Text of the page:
Harriman wins AIA Cote Award for Good Will-Hinckley

The Maine chapter of the American Institute of Architects (AIA Maine) Committee on the Environment (COTE) has recognized Harriman with a special citation for historic adaption for its work on the Good Will-Hinckley Moody School Renovation and Addition. The AIA Maine COTE Awards program recognizes exemplary and innovative built projects that establish a standard of over-all design excellence that creatively integrates sustainable design strategies, demonstrating their benefits while educating and inspiring the profession and the public.

The Charles E. Moody School was constructed in 1905-06 and designed by the architectural firm of William R. Miller of Lewiston, Maine, replacing an earlier structure destroyed by fire. The Moody School is a contributing structure to the “Hinckley Good Will Home Historic District”, designated a National Register of Historic Places in 1986.

Starting in 2012, Harriman was contracted to assess and design renovations for the original 16,150 SF, 12-classroom school, and a 7,200 SF addition to create five new classrooms to house the MeANS Charter School. The design approach is respectful of the historic building, retaining much of the original character defining features, while developing highly energy efficient alterations and classroom addition.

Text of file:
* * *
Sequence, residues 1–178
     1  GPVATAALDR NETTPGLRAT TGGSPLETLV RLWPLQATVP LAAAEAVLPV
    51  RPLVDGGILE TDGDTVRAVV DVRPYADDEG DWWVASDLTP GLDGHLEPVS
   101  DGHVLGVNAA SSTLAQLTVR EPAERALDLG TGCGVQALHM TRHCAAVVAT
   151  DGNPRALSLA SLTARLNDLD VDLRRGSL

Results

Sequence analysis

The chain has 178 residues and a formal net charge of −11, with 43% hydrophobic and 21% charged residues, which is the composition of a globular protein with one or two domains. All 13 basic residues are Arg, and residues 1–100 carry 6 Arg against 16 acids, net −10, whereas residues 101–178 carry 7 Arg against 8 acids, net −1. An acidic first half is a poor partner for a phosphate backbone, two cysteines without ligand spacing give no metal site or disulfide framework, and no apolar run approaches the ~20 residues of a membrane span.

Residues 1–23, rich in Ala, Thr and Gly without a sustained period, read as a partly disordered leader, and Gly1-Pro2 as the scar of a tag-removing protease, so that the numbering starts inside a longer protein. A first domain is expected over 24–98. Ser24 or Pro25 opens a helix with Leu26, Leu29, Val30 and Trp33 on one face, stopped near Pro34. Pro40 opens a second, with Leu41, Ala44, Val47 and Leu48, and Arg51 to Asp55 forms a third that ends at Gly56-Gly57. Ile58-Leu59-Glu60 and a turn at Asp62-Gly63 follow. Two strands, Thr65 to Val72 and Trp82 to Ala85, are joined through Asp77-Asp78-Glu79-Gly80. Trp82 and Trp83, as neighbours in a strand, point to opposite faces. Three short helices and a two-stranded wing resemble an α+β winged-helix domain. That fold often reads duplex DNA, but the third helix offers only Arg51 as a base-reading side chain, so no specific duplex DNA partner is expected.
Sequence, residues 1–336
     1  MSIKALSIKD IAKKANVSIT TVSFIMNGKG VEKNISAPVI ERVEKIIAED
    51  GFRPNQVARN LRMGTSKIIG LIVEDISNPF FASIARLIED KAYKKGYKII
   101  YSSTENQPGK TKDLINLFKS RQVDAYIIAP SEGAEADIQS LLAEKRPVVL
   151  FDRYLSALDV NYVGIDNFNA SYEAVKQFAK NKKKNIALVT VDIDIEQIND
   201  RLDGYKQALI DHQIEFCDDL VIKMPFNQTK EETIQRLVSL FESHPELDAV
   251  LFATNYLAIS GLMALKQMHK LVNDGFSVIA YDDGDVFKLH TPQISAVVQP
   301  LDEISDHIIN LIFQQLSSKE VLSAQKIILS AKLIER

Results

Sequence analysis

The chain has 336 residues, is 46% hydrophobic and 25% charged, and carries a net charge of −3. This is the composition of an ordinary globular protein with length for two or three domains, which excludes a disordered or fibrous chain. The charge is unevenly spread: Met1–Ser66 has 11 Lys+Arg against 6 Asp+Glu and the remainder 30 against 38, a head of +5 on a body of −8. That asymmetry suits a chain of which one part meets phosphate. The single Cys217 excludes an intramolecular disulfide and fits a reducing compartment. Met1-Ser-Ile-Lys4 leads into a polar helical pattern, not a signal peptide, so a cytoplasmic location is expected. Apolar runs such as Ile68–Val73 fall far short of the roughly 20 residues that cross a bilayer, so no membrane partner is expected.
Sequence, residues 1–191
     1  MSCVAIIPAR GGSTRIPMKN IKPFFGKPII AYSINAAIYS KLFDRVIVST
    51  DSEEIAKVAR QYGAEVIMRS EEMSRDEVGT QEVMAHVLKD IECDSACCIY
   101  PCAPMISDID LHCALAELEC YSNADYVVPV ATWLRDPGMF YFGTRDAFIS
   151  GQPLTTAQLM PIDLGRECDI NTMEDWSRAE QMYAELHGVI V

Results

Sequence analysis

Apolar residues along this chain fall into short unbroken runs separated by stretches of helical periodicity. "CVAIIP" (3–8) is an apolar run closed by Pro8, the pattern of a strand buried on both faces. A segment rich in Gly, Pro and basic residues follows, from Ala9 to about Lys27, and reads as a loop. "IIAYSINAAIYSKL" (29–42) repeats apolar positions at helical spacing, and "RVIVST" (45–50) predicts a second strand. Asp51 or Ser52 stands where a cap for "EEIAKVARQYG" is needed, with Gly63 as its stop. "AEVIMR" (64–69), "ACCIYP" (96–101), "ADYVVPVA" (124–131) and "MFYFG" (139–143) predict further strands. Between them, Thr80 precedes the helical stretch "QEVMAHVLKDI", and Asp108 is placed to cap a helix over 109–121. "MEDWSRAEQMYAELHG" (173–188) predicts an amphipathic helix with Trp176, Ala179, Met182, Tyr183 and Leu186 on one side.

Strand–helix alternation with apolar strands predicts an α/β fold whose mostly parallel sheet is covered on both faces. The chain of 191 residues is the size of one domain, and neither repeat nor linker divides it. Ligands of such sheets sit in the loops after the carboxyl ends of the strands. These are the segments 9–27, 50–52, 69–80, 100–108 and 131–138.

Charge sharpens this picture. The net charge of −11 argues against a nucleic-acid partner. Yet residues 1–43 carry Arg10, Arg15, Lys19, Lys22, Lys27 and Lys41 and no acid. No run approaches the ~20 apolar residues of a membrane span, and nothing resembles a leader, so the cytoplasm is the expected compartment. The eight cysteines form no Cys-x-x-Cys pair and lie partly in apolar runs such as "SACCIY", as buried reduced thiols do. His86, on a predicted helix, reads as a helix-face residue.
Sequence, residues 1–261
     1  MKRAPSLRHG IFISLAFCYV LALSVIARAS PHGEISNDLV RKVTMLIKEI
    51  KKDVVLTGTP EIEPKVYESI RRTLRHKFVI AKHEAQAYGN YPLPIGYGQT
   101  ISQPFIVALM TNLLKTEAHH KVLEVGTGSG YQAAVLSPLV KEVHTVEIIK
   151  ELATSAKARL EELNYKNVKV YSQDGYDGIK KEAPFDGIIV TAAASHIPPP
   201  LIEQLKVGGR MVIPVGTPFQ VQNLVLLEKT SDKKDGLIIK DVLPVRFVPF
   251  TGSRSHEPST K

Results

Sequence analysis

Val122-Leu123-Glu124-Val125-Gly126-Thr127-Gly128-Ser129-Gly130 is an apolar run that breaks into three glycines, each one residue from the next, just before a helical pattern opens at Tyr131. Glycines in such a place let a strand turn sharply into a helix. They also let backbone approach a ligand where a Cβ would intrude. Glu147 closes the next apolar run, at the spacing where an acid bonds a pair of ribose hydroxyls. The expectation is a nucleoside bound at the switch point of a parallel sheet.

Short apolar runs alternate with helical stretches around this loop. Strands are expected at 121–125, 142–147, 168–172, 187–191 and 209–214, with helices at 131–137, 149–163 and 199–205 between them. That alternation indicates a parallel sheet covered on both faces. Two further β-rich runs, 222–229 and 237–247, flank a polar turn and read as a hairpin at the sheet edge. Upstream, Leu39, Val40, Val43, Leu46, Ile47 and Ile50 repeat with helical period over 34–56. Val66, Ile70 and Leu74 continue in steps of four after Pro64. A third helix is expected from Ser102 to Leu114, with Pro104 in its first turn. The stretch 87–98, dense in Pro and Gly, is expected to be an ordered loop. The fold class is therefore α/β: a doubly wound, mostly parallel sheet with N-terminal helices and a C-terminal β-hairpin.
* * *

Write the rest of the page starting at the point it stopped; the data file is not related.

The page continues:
The building is designed to an energy usage level approximately 30% less than a conventional building. This is achieved through the use of energy efficient mechanical and lighting systems. The building’s exterior incorporates insulation values in excess of code requirements. In addition, 267 photovoltaic panels were installed on the building and are expected to deliver approximately 90,000 kWh of power. The Moody School will use approximately 77,000 kWh annually, leaving a “net positive” of 13,000 kWh of clean, renewable power.  This will offset the energy needs of adjacent greenhouses and other facilities on campus.

The jurors’ commented:  “We found this project to be a very solid example of a path to elevating even a Historic Registry building to 21st standard of comfort and performance. This was a good size, and complex project, where the existing building was retrofit and the addition was well above code to elevate the final performance results. The inclusion of a significant PV array achieves a predicted energy neutral or better result. The high performance addition is well attuned to the historic architecture, while clearly presenting a contemporary rendering or the traditional material palette. The process clearly demonstrated an integrated approach that responded to energy modeling to capture design and technical opportunities well.”